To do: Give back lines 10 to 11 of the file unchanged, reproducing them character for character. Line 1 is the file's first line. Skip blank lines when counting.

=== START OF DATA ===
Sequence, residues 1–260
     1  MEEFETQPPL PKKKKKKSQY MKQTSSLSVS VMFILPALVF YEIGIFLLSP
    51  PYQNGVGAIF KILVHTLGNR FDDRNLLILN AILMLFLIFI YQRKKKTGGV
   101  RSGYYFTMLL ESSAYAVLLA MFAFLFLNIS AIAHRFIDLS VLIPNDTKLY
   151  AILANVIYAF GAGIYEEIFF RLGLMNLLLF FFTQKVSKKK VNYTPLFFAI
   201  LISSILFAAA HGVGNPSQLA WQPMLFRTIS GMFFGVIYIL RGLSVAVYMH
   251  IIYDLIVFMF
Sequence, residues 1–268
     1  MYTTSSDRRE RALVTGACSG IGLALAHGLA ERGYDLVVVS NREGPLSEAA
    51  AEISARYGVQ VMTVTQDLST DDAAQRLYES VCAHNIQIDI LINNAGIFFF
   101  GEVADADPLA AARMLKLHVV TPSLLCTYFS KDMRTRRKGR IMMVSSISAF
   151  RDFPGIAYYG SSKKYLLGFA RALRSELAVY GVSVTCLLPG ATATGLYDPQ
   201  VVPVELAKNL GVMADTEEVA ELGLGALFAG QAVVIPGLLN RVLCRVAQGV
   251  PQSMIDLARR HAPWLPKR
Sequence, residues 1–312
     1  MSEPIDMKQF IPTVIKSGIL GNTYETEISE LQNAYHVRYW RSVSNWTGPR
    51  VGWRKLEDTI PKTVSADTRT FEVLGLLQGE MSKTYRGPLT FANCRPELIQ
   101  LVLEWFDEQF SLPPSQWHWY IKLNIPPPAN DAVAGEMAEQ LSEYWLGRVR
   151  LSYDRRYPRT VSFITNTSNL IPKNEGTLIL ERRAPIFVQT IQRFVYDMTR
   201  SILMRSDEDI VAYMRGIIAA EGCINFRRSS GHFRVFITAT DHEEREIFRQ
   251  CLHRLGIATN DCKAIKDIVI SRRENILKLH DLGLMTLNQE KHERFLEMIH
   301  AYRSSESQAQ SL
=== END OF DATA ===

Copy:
    51  AEISARYGVQ VMTVTQDLST DDAAQRLYES VCAHNIQIDI LINNAGIFFF
   101  GEVADADPLA AARMLKLHVV TPSLLCTYFS KDMRTRRKGR IMMVSSISAF